Lucid Fox meets grade AA overall. Areas that could be tweaked and improved: the footer is contained inside another footer landmark which might cause some confusion for some screen reader users. Additionally, some headings use a gradient background for text colour which periodically transitions to bright orange, that could arguably fail an audit on colour contrast.
WCAG Accessibility almost meets grade AA overall and looks like a helpful website to follow for accessibility-related articles. Areas to address for compliance include reflow issues for smaller screens or at increased zoom level. Additionally, the menu and search button toggles use an
aria-expandedproperty which doesn’t update correctly.
Web Accessibility Certificate Austria is overall a very accessible website although it doesn’t completely meet grade AA criteria. Areas for attention include better colour contrast on breadcrumb navigation and for some pages the reflow of content for viewing on smaller screens or at increased zoom level.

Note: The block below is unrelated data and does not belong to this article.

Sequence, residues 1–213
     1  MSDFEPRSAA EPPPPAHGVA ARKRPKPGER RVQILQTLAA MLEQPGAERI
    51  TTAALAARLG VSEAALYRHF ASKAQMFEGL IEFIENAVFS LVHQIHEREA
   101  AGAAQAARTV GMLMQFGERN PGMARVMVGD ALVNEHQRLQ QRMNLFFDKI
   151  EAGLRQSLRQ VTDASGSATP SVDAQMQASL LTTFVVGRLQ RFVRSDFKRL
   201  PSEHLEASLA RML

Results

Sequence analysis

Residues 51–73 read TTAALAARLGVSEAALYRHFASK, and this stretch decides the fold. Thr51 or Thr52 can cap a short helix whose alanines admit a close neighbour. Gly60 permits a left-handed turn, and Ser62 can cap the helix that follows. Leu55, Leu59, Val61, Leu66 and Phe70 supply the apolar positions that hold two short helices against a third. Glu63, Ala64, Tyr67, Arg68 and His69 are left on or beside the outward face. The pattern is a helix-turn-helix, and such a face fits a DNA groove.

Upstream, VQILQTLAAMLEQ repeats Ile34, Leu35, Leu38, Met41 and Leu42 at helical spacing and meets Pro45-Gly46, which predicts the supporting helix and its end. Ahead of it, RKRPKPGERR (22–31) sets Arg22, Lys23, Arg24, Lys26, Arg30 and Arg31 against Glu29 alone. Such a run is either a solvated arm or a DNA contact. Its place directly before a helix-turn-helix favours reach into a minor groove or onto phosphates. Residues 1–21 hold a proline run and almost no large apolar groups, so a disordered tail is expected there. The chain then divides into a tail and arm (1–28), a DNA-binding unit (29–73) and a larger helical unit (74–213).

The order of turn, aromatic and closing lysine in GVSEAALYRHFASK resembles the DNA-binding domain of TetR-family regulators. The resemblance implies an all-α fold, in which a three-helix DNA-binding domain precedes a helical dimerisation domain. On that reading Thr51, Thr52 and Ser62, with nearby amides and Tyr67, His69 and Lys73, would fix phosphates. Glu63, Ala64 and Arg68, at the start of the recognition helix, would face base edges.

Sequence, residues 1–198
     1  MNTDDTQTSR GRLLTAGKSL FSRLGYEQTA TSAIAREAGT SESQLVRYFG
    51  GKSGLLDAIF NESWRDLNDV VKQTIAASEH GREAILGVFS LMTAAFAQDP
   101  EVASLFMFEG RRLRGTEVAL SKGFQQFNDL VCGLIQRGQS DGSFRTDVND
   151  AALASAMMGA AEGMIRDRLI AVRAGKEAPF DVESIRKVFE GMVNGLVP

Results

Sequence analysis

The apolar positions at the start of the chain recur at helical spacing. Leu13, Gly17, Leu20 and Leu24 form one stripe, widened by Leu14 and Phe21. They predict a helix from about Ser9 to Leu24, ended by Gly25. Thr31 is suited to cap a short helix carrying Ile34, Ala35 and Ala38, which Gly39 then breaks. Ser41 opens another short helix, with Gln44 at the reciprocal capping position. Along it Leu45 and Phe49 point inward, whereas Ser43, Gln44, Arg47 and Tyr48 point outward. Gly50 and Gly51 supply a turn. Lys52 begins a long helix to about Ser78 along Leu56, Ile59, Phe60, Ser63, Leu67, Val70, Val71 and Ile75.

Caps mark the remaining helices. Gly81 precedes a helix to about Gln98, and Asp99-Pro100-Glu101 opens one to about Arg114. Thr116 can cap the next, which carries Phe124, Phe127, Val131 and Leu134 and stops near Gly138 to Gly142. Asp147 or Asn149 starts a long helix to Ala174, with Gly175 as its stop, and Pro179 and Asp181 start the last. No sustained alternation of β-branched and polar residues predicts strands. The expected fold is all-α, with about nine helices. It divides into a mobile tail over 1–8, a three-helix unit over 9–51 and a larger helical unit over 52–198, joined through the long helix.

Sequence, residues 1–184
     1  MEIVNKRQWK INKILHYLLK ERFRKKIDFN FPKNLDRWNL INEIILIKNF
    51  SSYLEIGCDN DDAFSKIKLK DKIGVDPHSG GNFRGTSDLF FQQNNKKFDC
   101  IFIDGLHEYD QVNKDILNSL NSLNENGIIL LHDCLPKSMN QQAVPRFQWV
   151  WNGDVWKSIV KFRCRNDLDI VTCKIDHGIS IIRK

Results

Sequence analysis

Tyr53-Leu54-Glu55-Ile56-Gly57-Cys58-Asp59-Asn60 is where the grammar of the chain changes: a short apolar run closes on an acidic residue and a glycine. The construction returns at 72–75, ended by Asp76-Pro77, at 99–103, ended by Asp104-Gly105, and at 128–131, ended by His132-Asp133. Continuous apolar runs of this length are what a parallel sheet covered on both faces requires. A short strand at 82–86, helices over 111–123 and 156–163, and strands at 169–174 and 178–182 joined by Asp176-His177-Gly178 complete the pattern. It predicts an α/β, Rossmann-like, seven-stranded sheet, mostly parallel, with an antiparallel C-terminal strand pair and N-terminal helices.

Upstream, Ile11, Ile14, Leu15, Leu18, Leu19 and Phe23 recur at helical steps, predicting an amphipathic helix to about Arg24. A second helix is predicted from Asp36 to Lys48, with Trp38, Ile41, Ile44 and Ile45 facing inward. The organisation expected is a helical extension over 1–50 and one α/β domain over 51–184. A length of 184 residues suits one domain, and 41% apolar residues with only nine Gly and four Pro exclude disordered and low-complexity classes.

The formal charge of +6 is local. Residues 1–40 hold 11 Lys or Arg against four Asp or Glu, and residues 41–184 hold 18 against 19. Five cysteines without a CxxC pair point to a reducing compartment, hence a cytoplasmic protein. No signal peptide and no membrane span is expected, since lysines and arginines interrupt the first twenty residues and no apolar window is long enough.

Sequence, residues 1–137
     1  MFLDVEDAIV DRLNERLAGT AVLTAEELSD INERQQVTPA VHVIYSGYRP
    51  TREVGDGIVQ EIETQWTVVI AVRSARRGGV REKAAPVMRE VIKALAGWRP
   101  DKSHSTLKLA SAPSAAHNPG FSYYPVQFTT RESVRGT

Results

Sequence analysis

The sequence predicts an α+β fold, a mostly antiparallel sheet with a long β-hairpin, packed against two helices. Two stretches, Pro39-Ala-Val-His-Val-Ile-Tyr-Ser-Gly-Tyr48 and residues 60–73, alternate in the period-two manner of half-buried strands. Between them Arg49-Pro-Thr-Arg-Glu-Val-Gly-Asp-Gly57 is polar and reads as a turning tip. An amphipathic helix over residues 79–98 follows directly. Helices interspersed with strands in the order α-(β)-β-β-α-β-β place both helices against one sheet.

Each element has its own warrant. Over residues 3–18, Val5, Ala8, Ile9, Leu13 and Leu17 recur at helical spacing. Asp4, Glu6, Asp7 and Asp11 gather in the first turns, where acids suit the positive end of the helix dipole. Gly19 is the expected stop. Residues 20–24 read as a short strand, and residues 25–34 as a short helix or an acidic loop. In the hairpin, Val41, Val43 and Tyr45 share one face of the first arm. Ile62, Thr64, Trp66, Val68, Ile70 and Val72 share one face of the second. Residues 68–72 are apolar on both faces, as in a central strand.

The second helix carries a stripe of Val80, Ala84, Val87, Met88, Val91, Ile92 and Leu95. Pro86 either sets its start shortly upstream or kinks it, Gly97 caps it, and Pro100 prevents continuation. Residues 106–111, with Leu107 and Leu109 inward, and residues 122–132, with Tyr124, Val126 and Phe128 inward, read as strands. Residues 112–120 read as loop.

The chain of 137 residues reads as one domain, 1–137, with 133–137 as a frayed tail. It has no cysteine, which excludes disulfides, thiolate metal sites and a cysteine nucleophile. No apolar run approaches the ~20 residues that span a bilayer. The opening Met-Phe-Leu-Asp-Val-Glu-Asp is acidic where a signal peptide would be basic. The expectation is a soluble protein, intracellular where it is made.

Lewis Cowles’ website meets grade AA overall. Additional text is added to links on the homepage which users are only likely to find if using a screen reader. This would be better to have visible for everyone.
Buckinghamshire Council website overall meets grade AA. Many areas of the site also meet grade AAA with enhanced contrast, wording and readability. The site appears to use features from the GOV UK Design System which is a good foundation for making accessible websites.
Although Accessibility Scotland meets grade AA overall there are some small improvements it could benefit from beyond the required criteria. These include making alternative text on some images more succinct and reducing instances of all-uppercase/capital text which can be harder to read for some users.